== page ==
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    For the parent of a young baby or toddler, it's easy to miss the signs of nasal allergies.

    "A lot of parents don't realize," says Neeta Ogden, MD, an allergist in Closter, N.J. "They assume that the constant runny nose and sneezing are just what happens when a child's exposed to day care germs."

    While allergies in kids are underdiagnosed, the good news is that treatment really works. With medical care, your baby or toddler will not only feel better, but you could head off complications in the future, says Kenneth Bock, MD, pediatric neurotoxicologist and codirector of the Rhinebeck Health Center in Rhinebeck, N.Y.

    Has your kid spent a lot of her life sneezing and drippy-nosed? Here's what you should know about nasal allergies in kids.

    Nasal Allergies in Kids

    While allergies are the most common chronic disease in children, some pediatricians won't diagnose nasal allergies in kids until they're age 4 or 5, Ogden says. The conventional wisdom is that it takes a number of years before a true allergy can develop.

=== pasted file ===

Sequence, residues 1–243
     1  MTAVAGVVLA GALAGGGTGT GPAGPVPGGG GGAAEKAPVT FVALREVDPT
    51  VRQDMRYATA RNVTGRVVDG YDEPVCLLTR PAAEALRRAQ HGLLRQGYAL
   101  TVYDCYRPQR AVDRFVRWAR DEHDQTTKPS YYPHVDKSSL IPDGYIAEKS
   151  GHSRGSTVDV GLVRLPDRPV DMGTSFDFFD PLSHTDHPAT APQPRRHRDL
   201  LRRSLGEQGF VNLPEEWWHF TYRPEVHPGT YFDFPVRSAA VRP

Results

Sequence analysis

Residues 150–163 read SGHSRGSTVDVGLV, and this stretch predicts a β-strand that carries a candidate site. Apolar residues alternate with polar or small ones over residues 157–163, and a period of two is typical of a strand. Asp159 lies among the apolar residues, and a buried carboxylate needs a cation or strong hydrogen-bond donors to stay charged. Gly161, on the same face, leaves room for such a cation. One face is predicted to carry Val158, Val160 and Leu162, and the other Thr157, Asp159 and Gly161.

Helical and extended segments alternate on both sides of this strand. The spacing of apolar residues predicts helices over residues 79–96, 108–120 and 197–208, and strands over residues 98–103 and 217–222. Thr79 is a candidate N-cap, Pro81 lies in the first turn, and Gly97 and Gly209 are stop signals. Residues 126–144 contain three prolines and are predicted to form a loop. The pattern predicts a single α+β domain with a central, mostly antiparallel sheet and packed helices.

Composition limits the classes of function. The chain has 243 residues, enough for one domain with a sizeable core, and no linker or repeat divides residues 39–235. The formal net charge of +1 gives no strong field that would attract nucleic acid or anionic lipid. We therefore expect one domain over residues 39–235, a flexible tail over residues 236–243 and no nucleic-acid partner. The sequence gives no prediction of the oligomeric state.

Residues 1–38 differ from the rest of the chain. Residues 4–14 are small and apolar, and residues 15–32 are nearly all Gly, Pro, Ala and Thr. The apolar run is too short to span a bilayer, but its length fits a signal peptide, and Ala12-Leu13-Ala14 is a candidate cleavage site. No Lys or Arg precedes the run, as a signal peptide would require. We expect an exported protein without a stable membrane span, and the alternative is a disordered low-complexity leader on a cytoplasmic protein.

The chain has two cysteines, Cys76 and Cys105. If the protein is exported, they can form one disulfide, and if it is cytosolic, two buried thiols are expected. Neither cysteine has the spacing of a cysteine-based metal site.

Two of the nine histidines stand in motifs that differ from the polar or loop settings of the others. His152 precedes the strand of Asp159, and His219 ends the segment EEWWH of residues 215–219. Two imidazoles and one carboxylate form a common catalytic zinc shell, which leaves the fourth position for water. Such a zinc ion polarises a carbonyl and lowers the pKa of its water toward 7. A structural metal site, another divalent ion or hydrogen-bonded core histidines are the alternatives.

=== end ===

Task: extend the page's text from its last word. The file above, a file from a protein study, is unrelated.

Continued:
However, the waiting rooms of pediatric allergists tell a different story. "I see a lot of kids who are age 3 with signs of nasal allergies," says Ogden. "I see some who are as young as 2."

    The symptoms of nasal allergies in kids include:

    • Runny and itchy nose
    • Congestion
    • Frequent sneezing
    • Chronic cough
    • Red, watery eyes
    • Allergic shiners -- dark rings under the eyes
    • Mouth breathing, especially while asleep
    • Exhaustion, because of poor sleep quality
    • Symptoms that last longer than a couple of weeks

    The problems with nasal allergies in kids go well beyond a runny nose. The constant congestion can lead to frequent sinus infections and ear infections. "Some kids have so many ear infections that they can't hear well," says Ogden. "That can lead to developmental delays."

    Nasal allergies in kids are often linked with two other allergic conditions: eczema and asthma. In many kids, it starts with itchy patches of eczema as infants, progresses to nasal allergies as preschoolers, and then develops into asthma later.

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